Other evidence of Maurin’s opposition to conscription and war is fragmentary, yet interesting. Two of Maurin’s closest friends and disciples, Bill Gauchat and Arthur Sheehan, refused to cooperate with the war effort, and both saw this opposition as being in concert with Maurin’s position on conscription and the war. With Maurin, they viewed their stance as the choice of the counsels of perfection as a higher calling but not an absolute duty. Sheehan, who was spending a great deal of time with Maurin, understood that Maurin’s pacifism was the pacifism of the early church. At that time, church members refused to become judges because they might have to sentence men and women to death. Larry Heaney, a friend of Maurin, wrote to a priest in January 1942 that in regard to war, Maurin believed that the reestablishment of a rugged peasantry, with its common culture and unifying bond, would contribute much to peace. If Maurin personally opposed the war, he was also cognizant of its tremendous popularity. Realizing the difficulties Dorothy Day was having in her vocal opposition, Maurin counseled her that for a time silence would be better. The world was not ready to listen . 
The popularity of the war significantly decreased participation in and contributions to the movement; many hospices closed, and the circulation of the Catholic Worker dropped below fifty thousand. As the war years progressed, a question was no longer whether the movement would be a catalyst for social reconstruction but whether it would survive at all. A movement begun in hope entered into exile.
The movement, its basic position unchanged, from this time on saw itself in a new way. It might still hope ultimately to reconstruct the social order; but, in a more sober self -assessment, it knew it must and could bear constant witness to peace in a world scarred by massive dislocation and death. In this way the Worker represented the division of the century itself: before 1940, hope that a new order was about to arise; after 1945, the attempt to cope with a world poised on the brink of self-destruction.
The Worker’s exile has not been a quiet one. The Worker community protested against the development and use of atomic weapons in the 1940s and 1950s by publishing lengthy articles in the Catholic Worker and organizing demonstrations in New York City. In the early 1960s when the Cuban revolution was the target of American foreign policy, Dorothy Day traveled to Cuba to witness the revolution firsthand. Like her stand against World War II and the atomic bomb, Day’s report on the revolution was controversial and lends insight into the character of the Worker movement. She found the revolution to have problems, of course, but also hope; a genuine movement toward a communal life was taking place. To her fellow Catholics who wondered how she could condone an atheist revolution, she replied that if Catholicism was not in the forefront for the revolution it was because Marxists had taken seriously the needs of the people where Catholics had not. Of the revolution she wrote:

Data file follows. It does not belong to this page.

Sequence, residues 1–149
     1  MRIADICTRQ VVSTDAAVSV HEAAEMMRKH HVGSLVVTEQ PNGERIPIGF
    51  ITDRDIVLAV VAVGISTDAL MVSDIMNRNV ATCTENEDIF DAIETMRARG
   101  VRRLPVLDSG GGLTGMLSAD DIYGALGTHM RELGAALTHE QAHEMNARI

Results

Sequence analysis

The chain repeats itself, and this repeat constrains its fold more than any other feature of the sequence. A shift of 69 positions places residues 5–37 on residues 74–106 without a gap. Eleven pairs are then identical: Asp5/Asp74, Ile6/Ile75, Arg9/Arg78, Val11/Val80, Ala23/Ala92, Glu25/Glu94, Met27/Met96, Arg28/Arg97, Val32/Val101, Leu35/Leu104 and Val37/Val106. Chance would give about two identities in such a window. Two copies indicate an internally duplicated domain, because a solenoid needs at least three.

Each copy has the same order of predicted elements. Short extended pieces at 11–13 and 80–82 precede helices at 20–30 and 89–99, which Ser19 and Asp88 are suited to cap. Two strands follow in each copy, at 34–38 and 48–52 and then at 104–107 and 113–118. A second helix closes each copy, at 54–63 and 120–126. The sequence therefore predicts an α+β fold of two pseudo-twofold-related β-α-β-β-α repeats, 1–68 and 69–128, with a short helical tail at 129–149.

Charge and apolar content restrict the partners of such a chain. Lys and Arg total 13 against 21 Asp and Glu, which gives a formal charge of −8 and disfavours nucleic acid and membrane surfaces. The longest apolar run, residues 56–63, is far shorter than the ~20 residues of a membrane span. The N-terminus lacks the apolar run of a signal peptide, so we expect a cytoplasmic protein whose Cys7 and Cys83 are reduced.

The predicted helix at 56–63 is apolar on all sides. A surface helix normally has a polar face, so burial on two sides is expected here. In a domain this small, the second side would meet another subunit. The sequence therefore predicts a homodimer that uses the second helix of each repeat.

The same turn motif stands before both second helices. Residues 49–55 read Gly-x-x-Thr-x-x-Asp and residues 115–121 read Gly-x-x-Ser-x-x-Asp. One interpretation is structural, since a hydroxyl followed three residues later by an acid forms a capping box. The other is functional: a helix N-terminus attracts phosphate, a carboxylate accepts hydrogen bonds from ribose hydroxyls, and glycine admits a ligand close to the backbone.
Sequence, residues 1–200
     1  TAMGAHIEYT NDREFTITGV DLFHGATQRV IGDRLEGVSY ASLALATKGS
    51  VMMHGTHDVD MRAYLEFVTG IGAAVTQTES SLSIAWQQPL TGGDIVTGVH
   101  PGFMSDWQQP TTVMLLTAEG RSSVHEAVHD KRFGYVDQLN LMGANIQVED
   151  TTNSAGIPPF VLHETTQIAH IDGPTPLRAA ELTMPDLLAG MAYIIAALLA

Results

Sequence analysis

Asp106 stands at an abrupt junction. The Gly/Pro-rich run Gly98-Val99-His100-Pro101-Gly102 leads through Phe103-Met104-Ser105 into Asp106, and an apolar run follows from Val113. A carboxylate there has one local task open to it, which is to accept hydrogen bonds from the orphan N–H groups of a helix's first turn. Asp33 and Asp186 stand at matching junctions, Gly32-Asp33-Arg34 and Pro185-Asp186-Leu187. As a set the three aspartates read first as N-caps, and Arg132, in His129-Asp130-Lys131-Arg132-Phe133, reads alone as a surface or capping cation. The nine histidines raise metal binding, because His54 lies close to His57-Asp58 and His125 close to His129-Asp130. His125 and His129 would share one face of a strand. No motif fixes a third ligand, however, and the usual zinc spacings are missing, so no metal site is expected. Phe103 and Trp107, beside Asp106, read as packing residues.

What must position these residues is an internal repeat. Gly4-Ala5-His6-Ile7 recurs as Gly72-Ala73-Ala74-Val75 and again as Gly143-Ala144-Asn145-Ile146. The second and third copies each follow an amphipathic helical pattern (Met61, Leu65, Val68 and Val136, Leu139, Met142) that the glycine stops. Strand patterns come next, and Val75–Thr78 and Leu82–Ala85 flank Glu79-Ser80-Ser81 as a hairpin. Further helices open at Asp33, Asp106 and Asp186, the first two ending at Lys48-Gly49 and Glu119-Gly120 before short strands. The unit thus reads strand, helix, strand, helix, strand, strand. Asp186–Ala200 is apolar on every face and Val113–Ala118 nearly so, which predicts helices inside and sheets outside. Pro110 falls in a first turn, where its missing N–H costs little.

The motive is love of brother, and we are commanded to love our brothers. If religion has so neglected the needs of the poor and of the great mass of workers and permitted them to live in the most horrible destitution while comforting them with the solace of a promise of a life after death when all tears shall be wiped away, then that religion is suspect. Who would believe such job’s comforters? On the other hand, if those professing religion shared the life of the poor and worked to better their lot and risked their lives as revolutionaries do, and trade union organizers have done in the past, then there is a ring of truth about the promises of the glory to come. The cross is followed by the resurrection. 38
Day’s trip to Cuba was just the beginning of a turbulent decade. The Worker wholeheartedly supported the civil rights movement and later initiated a Catholic, then American, dialogue on the Vietnam war. By the mid-1960s–to a new generation–the Catholic Worker became a symbol of good in the world. When Dorothy Day visited the universities and hospitality houses across the country, her talks drew large audiences. What seemed to many an ancient voice was rediscovered, an exile movement reborn.
DURING THE EXILE the ideas of Peter Maurin, who had died in 1949, continued to illuminate the Worker’s path. The vagabond peasant-intellectual had brought with him from France an intact and meaningful Catholic tradition capable of orienting the person toward transcendence. He had brought, too, the dissenting European Christian thought of the day–the ideas of Berdyaev, Christopher Dawson, Eric Gill, Maritain. As a result, the Worker saw (and sees) its struggle not in a parochial American context but within the larger framework of Western civilization.
The themes that Maurin preached and lived–the emphasis on a dynamic Catholicism, the social apostolate, and the role of the laity in social critique and reconstruction–came to fruition in the Second Vatican Council. He was one of the first Catholics to seriously entertain dialogue with Marxists, a dialogue that is being pursued with new vigor today. His understanding of hospitality as a Christian obligation is also flourishing, especially in the works of the contemporary theologian Henri Nouwen. Maurin’s belief that decentralized political authority and simplicity of life provide not only the necessities for living but the context for research and freedom have similarly experienced a resurgence in recent years, most strikingly in E. F. Schumacher’s popular book Small is Beautiful. So, too, Maurin’s understanding of the Christian mission as a witness to faith and justice in a secular world has become central for many. Critical is Maurin’s insistence on the role of faith and tradition in providing the context for nurturing both the person and the social order, and on the way of poverty and simplicity as a sign of judgment on a world in pursuit of affluence. Maurin’s dream of the movement back to the land finds embodiment in small experimental communities in New York, West Virginia, and dozens of other places around the country.